Sometimes I crave Chinese food like a mofo. The other night at dinner was one of those times. Instead of spending money and clogging my arteries with 8 servings of New China Dragon Moon Wall, I settled for a frozen Chinese entree (a frozen entree I bought last weekend in anticipation of this craving). To make this dining experience seem more authentic I grabbed some chopsticks. When I poured the meal into my bowl my heart sank. The portion looked TINY in my bowl. There was so much extra room for more food if I had more on hand!
Instead of caving into the craving for more, I sat down and ate. I ate the whole thing. Know what I didn't feel afterwards? Guilty. It is so nice to eat without guilt, something I rarely feel. Which is crazy. The truth is that the bigger the container is, the bigger the portion, hence the more available. To control portions, you have to control your environment. Note: Serving Sizes are not the same as Portions.
"In the contest between environment and willpower, the environment always wins." -Bob Tshannen-Moran
If my HOME environment isn't helping me control how much I eat, how can I learn to control it outside of my home? As a test I made a serving size of Quinoa. Barely reached the halfway mark in my bowl! Infuriating.
I need to change my home environment!
"It's easier to change your environment than it is to change your mind." -Brian Wansink
This whole ordeal took me back to my week at Hilton Head Health and a lecture I attended on Portion Control. The speaker had so many key points that I need to constantly need to keep in mind.
-Find strategies to knock out a couple hundred calories a day.
-Use smaller plates as a mindless eating trick for smaller portions.
-Dish out 20% less food than normal. You won't notice the difference.
-Erase the "clean your plate" tape in your brain. You can waste food or "waist" it.
-"Without portion control there is no weight control."
To kick things off, I practiced a little portion and environment control this morning with pancakes! Can you think of a happier food to experiment with? Nope.
I found a basic recipe for pancakes on allrecipes.com and modified it a little bit as part of my "strategy to knock out a couple hundred calories a day." Instead of 1 1/4 cups of milk I substituted non-fat Greek yogurt and water, used wheat flour, and left the egg out. By doing that, their recipe went from 421 calories per serving to 346. They weren't as fluffy as I would have liked them but they got the job done and were delish. I could've substituted an artificial sweetener for sugar but I didn't have any. I rarely use sugar for anything at my house, so I never think to buy Splenda!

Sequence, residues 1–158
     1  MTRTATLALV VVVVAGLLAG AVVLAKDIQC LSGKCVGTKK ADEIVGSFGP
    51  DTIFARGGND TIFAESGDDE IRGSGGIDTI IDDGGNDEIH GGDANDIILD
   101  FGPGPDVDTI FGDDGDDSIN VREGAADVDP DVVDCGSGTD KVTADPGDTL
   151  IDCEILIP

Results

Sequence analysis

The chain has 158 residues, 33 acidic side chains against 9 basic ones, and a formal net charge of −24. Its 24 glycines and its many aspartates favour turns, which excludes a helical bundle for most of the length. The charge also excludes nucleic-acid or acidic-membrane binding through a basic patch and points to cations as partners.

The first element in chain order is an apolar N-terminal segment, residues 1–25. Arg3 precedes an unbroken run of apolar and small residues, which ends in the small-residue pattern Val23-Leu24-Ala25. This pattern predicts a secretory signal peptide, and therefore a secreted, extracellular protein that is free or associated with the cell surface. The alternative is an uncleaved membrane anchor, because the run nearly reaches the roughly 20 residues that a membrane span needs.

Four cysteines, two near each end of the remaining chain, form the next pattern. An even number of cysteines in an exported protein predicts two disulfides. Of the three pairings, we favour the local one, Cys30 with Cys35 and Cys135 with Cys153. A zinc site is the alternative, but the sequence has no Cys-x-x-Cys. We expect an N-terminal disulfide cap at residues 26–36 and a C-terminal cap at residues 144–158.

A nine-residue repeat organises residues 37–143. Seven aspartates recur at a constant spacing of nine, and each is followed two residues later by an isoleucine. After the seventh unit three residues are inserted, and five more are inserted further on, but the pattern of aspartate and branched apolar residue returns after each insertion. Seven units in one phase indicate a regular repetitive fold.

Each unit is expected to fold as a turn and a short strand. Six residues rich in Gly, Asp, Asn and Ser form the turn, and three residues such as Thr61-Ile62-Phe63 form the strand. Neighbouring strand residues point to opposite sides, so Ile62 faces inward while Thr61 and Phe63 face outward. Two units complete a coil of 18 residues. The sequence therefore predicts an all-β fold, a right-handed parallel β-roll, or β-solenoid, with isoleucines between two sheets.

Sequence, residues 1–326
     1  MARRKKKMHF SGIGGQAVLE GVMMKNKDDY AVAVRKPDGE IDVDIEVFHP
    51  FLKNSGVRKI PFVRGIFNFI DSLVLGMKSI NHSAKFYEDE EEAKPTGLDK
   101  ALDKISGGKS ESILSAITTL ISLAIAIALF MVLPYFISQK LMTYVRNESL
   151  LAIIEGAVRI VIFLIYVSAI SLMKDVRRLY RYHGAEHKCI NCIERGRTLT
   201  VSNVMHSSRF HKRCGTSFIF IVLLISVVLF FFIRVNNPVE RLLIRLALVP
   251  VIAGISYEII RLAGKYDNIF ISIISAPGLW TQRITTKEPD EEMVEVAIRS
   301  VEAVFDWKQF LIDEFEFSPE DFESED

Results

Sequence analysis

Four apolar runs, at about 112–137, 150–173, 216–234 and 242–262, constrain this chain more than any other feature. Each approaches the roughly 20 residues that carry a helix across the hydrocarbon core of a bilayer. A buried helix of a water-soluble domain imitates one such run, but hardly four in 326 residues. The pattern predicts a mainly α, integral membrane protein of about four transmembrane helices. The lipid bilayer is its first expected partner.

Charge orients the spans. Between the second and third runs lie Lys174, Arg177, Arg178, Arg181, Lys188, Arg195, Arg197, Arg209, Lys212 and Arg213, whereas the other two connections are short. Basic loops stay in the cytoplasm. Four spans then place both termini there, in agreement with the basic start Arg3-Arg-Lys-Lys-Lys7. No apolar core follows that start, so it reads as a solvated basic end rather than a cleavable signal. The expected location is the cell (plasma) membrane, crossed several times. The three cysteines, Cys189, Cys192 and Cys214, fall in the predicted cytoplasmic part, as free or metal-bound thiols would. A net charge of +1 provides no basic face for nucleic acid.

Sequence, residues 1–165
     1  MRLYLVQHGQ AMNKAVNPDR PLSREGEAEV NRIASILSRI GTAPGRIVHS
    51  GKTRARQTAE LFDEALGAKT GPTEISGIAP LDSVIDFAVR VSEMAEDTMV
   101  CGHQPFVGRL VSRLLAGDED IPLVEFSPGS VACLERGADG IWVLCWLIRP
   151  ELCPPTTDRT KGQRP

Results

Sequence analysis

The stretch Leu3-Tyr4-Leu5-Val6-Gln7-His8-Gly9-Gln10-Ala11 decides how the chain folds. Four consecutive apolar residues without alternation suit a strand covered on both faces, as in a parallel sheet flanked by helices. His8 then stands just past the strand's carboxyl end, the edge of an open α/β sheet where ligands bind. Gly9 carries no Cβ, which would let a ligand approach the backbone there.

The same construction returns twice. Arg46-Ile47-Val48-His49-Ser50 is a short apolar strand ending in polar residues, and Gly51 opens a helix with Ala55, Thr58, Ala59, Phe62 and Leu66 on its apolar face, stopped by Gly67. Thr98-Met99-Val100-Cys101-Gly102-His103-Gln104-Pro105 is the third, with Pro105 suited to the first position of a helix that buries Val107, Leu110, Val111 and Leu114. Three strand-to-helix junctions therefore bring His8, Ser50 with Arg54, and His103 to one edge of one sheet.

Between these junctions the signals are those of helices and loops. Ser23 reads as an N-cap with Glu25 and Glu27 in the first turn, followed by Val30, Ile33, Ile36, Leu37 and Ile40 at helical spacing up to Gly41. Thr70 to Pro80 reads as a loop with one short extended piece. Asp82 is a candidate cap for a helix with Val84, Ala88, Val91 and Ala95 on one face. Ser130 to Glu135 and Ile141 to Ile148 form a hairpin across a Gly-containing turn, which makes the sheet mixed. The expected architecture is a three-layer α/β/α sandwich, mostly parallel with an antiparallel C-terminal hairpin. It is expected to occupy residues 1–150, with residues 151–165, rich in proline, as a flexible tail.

346 Calorie Pancakes
•1 1/2 cups wheat flour
•3 1/2 teaspoons baking powder
•1 teaspoon salt
•1 tablespoon white sugar
•1 cup lukewarm water
•1/4 cup non-fat Greek yogurt
•3 tablespoons melted butter
•Whisk everything together. No need to get fancy.
•Heat skillet on medium heat with cooking spray (I use Olive Oil spray obviously)
•Measure out EACH pancake into 1/4 cup before you pour into the skillet
•Pour into skillet and flip when edges become golden and batter starts bubbling up
This mix made 9 pancakes, which I divided into 3 servings. Yes they're kind of small, but this is a serving size.
I dressed my pancakes with 6 medium strawberries and 1/4 cup of light syrup, which added 120 calories. I could've cut the syrup portion down but I just looked at the serving size and poured it on. Proof that serving size does not always equal portion size! I could've eaten a smaller portion than the serving size and been fine. I had a ton of syrup left over.
As I was getting ready to serve myself I started thinking about my dishes...
Would I have another frozen Chinese moment? Would I feel deprived if there is plenty of extra space on my plate for more?
Maybe I should use my small plate- trick myself into feeling more full? Research shows that people eat 20-30% more from large plates. I put my pancakes on the large plate and the small plate. The small plate just looked better because it filled the whole thing up. As simple as it seems- your plate size can make all the difference in how much you eat.
Big Plate. Pancakes look tiny.
Small plate. That looks better.